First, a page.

London – Britain registered a new daily record for coronavirus cases yesterday as it battled a new strain that has spread as far as Chile and India, even as more countries started mass vaccination campaigns.
Nations around the world are struggling with surges in infections that have pushed the global case total close to 81 million and killed more than 1.78 million.
The EU health agency ECDC warned yesterday that the risk is high that the newly discovered Covid-19 variants could cause even more deaths and further strain healthcare because of “increased transmissibility.”
More than 300 cases of a new variant have been recorded in South Africa, which imposed a raft of new measures yesterday.
The government banned the sale of alcohol and made masks compulsory in public after it became the first in African country to record one million cases.
“We have let down our guard, and unfortunately we are now paying the price,” said President Cyril Ramaphosa, blaming the new strain and an “extreme lack of vigilance over the holiday period” for the spike.
Chile yesterday became the first Latin American country to detect the new strain initially found in Britain, in a woman who returned to the country from Madrid after also travelling to Britain and Dubai.
Health authorities responded by announcing that from December 31, everyone arriving in Chile would have to spend 10 days in quarantine.
The United Arab Emirates said it had also detected the new strain, a government spokesman saying the “limited cases” were all from “people coming from abroad.”
India, with the second-biggest caseload in the world, also reported detecting the new coronavirus strain, but officials said pandemic guidelines have not changed because of it.
Britain’s government came under pressure yesterday to tighten restrictions as it announced a record 24-hour high of 53,135 new infections.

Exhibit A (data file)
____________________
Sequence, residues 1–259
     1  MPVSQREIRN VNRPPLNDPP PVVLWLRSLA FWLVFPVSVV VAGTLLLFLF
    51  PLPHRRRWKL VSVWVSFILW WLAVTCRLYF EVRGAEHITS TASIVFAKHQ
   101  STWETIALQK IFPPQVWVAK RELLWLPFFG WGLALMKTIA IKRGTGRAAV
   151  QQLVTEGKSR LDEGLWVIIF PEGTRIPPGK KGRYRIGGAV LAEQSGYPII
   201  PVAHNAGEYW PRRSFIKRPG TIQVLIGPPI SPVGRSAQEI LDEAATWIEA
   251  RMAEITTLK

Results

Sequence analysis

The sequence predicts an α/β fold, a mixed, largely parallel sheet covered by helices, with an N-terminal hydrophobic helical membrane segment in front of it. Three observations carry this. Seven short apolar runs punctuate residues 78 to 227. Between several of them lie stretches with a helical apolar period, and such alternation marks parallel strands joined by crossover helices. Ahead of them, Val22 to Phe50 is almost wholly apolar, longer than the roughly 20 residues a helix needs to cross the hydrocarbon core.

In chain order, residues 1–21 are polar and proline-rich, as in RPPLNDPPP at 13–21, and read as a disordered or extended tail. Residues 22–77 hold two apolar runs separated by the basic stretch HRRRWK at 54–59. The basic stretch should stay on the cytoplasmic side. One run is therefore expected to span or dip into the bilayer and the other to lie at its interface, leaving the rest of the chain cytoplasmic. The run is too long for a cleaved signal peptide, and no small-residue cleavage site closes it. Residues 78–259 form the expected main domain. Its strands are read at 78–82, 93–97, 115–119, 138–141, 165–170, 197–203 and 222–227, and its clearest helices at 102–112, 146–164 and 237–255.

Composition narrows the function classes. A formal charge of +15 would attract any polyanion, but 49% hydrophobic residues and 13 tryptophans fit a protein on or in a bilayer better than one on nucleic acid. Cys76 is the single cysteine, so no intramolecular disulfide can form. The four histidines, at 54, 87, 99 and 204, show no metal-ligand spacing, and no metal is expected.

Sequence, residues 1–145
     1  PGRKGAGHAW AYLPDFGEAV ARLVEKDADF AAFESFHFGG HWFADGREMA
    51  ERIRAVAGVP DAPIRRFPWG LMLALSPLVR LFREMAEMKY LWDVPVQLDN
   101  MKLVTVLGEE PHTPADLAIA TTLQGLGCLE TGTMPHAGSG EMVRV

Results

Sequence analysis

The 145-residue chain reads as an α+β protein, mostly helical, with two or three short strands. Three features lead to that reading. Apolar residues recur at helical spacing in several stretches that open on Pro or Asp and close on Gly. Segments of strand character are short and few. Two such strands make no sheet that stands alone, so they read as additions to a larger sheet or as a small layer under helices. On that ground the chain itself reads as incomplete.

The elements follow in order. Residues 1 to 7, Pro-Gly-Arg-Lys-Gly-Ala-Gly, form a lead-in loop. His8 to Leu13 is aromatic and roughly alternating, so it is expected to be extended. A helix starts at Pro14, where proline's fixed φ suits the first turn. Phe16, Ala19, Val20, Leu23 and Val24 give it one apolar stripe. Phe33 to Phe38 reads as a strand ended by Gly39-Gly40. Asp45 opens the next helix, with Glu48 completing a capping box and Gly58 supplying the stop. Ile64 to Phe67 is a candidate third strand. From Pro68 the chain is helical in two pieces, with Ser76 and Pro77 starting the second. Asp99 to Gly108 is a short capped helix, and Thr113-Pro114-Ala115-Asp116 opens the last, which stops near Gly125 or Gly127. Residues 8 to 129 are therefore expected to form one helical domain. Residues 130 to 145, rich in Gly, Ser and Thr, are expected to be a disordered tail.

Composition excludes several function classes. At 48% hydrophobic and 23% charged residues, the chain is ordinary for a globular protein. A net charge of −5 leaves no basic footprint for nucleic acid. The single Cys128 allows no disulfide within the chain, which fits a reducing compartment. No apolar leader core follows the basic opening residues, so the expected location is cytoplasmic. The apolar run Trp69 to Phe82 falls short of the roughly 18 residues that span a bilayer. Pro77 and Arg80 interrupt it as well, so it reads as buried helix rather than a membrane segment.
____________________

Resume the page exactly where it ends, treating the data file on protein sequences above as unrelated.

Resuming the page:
Health chiefs warned that England is “back in the eye” of the coronavirus storm, with as many patients in hospital as during the initial peak in April.
Critical care doctor Samantha Batt-Rawden said medical staff were at “breaking point.”
“We are incredibly thin on the ground. NHS (National Health Service) staff have not been prioritised for the vaccine and are going off sick in droves with the new strain,” she tweeted.
Vaccine campaigns and fears
Across the globe governments are rushing to get vaccines out to try to avoid the kind of economically damaging lockdown restrictions put in place after the virus first emerged a year ago.
Argentina and Belarus launched their vaccination campaigns on Tuesday, both using the Sputnik V shots developed by Russia.
The Gam-CovidVac vaccine, nicknamed Sputnik V after the Soviet-era satellite, has come under fire from critics in Russia and abroad because it was registered before the start of large-scale clinical trials.
Vaccinations in EU countries with jabs made by Pfizer-BioNTech and Moderna started over the weekend.
BioNTech and Pfizer confirmed on Tuesday that 300 million doses of their vaccine would be delivered to the EU.
But authorities fear vaccine hesitancy and rejection could hamper their efforts.
A new poll by Ipsos Global Advisor showed that just four in 10 people in France want to get vaccinated, putting it behind even other laggards like Russia with 43 percent and South Africa with 53 per cent.
But 75-year-old Jacques Collineau, resident of an old people’s home in central France, was not dissuaded.
“Fear? Fear of what? I’ve been vaccinated for the flu before, now it’s the same thing,” Collineau said as he got the shot in Joue-les-Tours on Monday.
France plans to tighten its curfew to 6 pm from 8 pm in the worst-hit areas from January 2, Health Minister Olivier Veran told France 2 television yesterday.
Hoping to boost public trust in the vaccines, US Vice President-elect Kamala Harris received hers live on television.
“I want to remind people that right in your community is where you can take the vaccine, where you will receive the vaccine by folks you may know,” she said after receiving the Moderna vaccine.
The warnings were backed up by the worrying figures and trends reported worldwide.
South Korea, one of the nations hailed for its success during the first months of the pandemic, on Tuesday logged its highest daily death toll since the beginning of the pandemic as it battled a third wave of infections.
A day after Russia admitted its number of Covid-19 deaths were more than three times higher than it had previously reported, Moscow health officials reported a 27 per cent increase in fatalities in November compared with October.
Also on Tuesday, Denmark said it would extend a partial lockdown — due to expire on January 3 — for another two weeks.
The world of sport was also hit, with 18 players and staff of the English Premier League testing positive for Covid-19, plunging the season into doubt. — AFP